The news of the death of Reggie White sent shock waves throughout the NFL community, including the Washington Redskins.
Several members of the Redskins' front office and coaching staff have at some point coached the future Hall of Fame defensive end. White was a former Philadelphia Eagle, Green Bay Packer and Carolina Panther who passed away on Sunday at the age of 43.
White was a two-time NFL Defensive Player of the Year and an ordained minister who earned the nickname "Minister of Defense" as one of the league's elite defensive linemen.
White began his pro career in the USFL in 1983 and his head coach with the Memphis Showboats was Franklin "Pepper" Rodgers, who currently serves as the Redskins' vice president of football operations.
Redskins fans mostly remember White as a dominant defensive end with the Philadelphia Eagles from the 1980s and early '90s and in leading the Packers to a Super Bowl championship in the 1996 season.
White's first NFL head coach was Marion Campbell, then with the Eagles. Campbell is the father of Redskins' director of pro personnel Scott Campbell.
When White went to Green Bay to play for the Packers, his first defensive line coach was Greg Blache, currently the Redskins' defensive coordinator-defensive line coach.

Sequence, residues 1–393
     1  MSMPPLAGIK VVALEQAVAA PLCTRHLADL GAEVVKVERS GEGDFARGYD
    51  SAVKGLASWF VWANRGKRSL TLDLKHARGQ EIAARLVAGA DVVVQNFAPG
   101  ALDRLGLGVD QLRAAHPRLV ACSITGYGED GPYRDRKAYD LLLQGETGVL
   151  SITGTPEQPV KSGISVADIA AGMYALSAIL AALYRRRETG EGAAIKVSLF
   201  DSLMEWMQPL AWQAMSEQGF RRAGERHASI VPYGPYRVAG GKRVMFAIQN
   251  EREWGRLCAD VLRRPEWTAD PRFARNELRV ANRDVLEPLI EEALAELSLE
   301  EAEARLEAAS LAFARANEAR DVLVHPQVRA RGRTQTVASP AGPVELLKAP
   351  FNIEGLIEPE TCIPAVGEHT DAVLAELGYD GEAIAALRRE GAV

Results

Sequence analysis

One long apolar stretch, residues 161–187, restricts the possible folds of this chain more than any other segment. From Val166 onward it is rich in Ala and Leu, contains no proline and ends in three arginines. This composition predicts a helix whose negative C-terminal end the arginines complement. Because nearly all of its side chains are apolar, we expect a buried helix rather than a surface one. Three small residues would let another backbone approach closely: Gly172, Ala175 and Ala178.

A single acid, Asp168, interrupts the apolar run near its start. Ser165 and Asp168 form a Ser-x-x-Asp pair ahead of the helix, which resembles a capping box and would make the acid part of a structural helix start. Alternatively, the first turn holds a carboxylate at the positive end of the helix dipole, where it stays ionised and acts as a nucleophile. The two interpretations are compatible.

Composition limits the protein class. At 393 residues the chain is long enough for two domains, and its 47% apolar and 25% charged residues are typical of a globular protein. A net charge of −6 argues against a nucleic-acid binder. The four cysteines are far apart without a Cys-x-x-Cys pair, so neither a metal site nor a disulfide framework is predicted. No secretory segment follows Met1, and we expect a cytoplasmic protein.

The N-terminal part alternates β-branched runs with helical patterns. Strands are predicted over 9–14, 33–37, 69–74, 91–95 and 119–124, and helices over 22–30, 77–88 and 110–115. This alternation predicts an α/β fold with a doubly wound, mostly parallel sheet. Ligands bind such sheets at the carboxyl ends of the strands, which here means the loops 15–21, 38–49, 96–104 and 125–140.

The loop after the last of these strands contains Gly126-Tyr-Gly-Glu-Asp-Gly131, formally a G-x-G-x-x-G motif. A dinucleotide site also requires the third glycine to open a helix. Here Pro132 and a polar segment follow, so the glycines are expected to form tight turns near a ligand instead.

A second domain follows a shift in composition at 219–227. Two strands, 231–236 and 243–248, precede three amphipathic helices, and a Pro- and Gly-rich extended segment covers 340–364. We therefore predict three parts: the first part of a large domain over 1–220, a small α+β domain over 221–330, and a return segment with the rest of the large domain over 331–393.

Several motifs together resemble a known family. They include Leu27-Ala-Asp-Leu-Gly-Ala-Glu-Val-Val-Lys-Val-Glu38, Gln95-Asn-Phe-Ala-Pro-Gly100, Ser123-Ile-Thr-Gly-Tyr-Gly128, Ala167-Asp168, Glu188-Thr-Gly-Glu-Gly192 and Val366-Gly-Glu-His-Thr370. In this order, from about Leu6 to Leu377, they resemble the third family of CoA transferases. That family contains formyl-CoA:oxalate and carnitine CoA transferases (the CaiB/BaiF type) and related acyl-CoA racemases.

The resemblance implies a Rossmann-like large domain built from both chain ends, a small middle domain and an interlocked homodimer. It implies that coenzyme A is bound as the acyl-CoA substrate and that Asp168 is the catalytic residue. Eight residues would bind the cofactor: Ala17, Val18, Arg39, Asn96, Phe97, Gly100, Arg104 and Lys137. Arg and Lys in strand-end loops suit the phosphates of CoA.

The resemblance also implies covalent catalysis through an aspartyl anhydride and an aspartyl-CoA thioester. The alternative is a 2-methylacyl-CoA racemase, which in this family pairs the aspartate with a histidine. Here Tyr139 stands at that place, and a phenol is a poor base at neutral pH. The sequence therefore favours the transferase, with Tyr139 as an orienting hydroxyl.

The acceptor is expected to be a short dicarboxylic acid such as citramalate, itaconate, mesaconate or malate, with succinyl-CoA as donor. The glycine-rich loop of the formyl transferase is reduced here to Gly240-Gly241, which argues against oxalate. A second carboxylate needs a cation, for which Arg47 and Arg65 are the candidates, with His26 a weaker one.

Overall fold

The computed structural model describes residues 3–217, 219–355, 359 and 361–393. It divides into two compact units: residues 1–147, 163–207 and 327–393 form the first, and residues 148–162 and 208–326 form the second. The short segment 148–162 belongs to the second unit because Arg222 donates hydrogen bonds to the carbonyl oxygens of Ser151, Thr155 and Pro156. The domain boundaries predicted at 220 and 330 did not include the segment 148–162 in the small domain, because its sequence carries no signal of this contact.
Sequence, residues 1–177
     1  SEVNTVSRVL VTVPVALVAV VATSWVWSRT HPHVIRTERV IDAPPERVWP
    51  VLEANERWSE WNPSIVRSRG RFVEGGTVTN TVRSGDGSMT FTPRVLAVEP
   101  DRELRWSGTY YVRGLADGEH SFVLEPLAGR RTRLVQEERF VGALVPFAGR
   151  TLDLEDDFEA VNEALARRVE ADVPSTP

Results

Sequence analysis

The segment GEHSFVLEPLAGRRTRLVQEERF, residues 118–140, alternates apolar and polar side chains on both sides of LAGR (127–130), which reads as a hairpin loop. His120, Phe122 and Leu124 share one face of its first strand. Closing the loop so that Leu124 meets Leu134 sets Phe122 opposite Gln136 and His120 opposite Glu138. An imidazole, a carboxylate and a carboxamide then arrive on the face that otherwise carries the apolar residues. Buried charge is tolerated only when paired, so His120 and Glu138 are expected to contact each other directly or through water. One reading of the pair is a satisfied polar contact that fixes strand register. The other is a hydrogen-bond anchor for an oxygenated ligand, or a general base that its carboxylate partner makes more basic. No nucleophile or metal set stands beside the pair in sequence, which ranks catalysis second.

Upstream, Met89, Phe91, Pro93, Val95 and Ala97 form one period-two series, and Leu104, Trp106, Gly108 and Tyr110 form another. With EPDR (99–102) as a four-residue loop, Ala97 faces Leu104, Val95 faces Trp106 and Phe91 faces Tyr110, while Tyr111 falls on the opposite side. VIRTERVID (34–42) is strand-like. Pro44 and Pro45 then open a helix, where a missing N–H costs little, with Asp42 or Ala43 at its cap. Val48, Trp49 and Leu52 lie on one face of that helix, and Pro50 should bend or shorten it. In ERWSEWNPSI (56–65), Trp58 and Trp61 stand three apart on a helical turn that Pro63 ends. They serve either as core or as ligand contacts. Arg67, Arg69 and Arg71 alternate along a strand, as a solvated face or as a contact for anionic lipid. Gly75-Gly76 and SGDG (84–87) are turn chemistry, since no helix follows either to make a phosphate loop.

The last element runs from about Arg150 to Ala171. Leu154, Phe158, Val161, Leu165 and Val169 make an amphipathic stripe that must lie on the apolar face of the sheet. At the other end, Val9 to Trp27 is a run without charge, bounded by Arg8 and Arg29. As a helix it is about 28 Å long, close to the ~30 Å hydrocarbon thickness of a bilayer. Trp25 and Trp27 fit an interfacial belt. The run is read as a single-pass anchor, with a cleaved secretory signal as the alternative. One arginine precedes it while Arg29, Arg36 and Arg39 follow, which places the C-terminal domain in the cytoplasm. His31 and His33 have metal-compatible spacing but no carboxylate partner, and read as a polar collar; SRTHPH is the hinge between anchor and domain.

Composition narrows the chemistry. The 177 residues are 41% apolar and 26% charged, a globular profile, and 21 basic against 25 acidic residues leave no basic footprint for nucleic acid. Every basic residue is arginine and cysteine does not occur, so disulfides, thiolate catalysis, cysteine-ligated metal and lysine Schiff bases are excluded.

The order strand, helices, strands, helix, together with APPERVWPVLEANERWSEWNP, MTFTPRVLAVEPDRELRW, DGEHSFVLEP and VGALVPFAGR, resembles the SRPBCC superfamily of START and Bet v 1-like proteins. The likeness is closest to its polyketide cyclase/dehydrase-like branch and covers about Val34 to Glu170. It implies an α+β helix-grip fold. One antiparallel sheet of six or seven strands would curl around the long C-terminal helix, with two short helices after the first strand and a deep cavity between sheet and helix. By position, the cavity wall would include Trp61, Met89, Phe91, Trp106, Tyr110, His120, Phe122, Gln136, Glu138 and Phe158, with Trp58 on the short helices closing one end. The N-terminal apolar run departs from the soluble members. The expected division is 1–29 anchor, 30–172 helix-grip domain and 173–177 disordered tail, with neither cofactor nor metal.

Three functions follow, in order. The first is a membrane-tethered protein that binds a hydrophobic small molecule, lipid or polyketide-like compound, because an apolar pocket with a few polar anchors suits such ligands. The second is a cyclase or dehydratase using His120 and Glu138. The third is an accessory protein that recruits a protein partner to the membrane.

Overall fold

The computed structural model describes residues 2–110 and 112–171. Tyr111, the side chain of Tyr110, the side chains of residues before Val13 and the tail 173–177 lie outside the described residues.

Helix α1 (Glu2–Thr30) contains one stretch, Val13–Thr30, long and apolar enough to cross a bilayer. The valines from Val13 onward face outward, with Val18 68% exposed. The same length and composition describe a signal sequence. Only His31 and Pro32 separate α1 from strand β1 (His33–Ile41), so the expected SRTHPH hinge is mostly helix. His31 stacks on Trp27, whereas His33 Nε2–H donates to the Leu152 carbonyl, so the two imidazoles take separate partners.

White played his last game in Washington in the 2000 season opener when the Redskins faced off against the Carolina Panthers. Current Redskins offensive coordinator Don Breaux was a member of that coaching staff. That game was promoted as a matchup of the NFL's top two sack leaders, White and former Redskin Bruce Smith.
In recent years, head coach Joe Gibbs got to know White in North Carolina.
"He lived three blocks from me in Charlotte," Gibbs said. "We were trying to help Reggie into ownership in [NASCAR] racing. He was working real close with J.D. (Gibbs' son) and everybody else in the race shop.
"I have to tell you, he had an impact on so many people. I think what he has done is hard to put into words. He was a great leader and a great person. We will be in prayer for his family and for everybody else who was close to him."
NFL commissioner Paul Tagliabue issued the following statement regarding White's passing:
"Reggie White was a gentle warrior who will be remembered as one of the greatest defensive players in NFL history. Equally as impressive as his achievements on the field was the positive impact he made off the field and the way he served as a positive influence on so many young people. We are deeply saddened by his loss and extend our deepest sympathies to Reggie's wife Sara and his entire family."